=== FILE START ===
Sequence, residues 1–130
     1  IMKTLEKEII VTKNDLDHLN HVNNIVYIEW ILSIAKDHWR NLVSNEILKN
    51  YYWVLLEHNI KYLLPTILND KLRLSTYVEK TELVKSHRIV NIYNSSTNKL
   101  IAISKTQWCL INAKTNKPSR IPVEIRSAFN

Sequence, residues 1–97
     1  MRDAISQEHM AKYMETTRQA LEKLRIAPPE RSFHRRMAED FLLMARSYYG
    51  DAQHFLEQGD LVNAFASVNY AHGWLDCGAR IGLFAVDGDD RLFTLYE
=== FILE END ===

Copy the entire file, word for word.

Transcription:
Sequence, residues 1–130
     1  IMKTLEKEII VTKNDLDHLN HVNNIVYIEW ILSIAKDHWR NLVSNEILKN
    51  YYWVLLEHNI KYLLPTILND KLRLSTYVEK TELVKSHRIV NIYNSSTNKL
   101  IAISKTQWCL INAKTNKPSR IPVEIRSAFN

Sequence, residues 1–97
     1  MRDAISQEHM AKYMETTRQA LEKLRIAPPE RSFHRRMAED FLLMARSYYG
    51  DAQHFLEQGD LVNAFASVNY AHGWLDCGAR IGLFAVDGDD RLFTLYE